The differential diagnoses listed here are not exhaustive.
Once the diagnosis is confirmed, disease severity should be assessed to determine the best approach to treatment. 
|Severity grading for acute cholangitis |
|Grades of severity||Grading criteria|
(Mild acute cholangitis)
(Moderate acute cholangitis)
(Severe acute cholangitis)
Empiric antibiotic therapy and urgent biliary drainage are the mainstays of treatment of acute cholangitis. The choice and timing of both biliary drainage and any procedure to treat the underlying cause are dictated by the severity of the disease at presentation (see “Severity grading of acute cholangitis”).
Initial management 
Stabilize the patient as needed.
- Identify and treat sepsis.
- Provide immediate hemodynamic support (e.g., IV fluid resuscitation) and respiratory support (e.g., mechanical ventilation) if necessary.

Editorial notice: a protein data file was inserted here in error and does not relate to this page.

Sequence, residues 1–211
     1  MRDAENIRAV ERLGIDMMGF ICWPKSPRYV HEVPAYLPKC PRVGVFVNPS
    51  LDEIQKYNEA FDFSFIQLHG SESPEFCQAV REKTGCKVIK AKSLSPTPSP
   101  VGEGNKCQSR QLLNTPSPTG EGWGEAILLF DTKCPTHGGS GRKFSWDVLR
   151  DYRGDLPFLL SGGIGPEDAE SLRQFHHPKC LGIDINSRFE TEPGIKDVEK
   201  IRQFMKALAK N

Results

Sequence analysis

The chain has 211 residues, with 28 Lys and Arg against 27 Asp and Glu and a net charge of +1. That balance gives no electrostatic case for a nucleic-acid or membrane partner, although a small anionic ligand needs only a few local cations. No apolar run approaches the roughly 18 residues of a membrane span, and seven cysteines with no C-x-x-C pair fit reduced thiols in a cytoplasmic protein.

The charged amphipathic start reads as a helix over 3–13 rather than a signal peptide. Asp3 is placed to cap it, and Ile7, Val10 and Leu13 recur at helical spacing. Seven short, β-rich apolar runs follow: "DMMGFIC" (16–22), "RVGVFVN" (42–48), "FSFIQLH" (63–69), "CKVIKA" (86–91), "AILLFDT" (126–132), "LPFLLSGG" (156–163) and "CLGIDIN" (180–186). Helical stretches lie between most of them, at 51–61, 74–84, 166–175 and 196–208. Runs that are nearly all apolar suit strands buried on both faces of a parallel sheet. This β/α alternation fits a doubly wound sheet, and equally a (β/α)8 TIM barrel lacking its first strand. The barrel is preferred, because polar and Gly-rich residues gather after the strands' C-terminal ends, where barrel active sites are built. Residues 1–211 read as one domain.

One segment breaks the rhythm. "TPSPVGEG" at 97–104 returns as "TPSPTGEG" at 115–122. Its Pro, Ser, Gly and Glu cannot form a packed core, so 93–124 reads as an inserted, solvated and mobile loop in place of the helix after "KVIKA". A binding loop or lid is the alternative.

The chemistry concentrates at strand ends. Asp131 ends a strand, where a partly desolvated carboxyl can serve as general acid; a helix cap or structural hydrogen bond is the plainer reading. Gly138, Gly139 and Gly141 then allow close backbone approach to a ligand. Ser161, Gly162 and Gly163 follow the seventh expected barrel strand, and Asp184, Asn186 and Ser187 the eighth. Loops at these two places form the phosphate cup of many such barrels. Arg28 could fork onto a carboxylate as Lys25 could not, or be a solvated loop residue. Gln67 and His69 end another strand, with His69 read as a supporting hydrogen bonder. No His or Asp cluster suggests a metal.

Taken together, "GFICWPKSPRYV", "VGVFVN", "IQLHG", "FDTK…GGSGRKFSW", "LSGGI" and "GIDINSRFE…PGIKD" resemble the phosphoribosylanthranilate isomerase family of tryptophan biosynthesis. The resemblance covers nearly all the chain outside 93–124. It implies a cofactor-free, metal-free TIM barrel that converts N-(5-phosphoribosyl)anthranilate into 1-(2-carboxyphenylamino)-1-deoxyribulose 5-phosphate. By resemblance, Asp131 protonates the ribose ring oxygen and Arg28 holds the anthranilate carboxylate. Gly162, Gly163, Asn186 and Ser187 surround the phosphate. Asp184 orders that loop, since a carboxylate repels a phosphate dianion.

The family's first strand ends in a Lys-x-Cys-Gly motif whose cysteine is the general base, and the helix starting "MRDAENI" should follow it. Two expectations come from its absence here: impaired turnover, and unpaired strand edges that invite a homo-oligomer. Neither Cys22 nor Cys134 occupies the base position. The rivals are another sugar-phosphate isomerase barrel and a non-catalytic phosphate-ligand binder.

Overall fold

Administer empiric antibiotic therapy for acute biliary infection to all patients.
- Grade III acute cholangitis: within one hour of presentation 
- Grade I–II acute cholangitis: within 4–6 hours of presentation 
- Determine the need and timing for urgent biliary drainage and treatment of the underlying cause, based on severity grading for acute cholangitis (see “Definitive management”).
- Identify and treat concurrent choledocholithiasis (see “Diagnosis of choledocholithiasis”).
- Provide initial supportive therapy for acute biliary disease: e.g., analgesics (preferably NSAIDs), antiemetics, nasogastric tube insertion as needed, electrolyte repletion
- Keep patients NPO.
- Consult gastroenterology, interventional radiology, and/or surgery for urgent biliary drainage and decompression.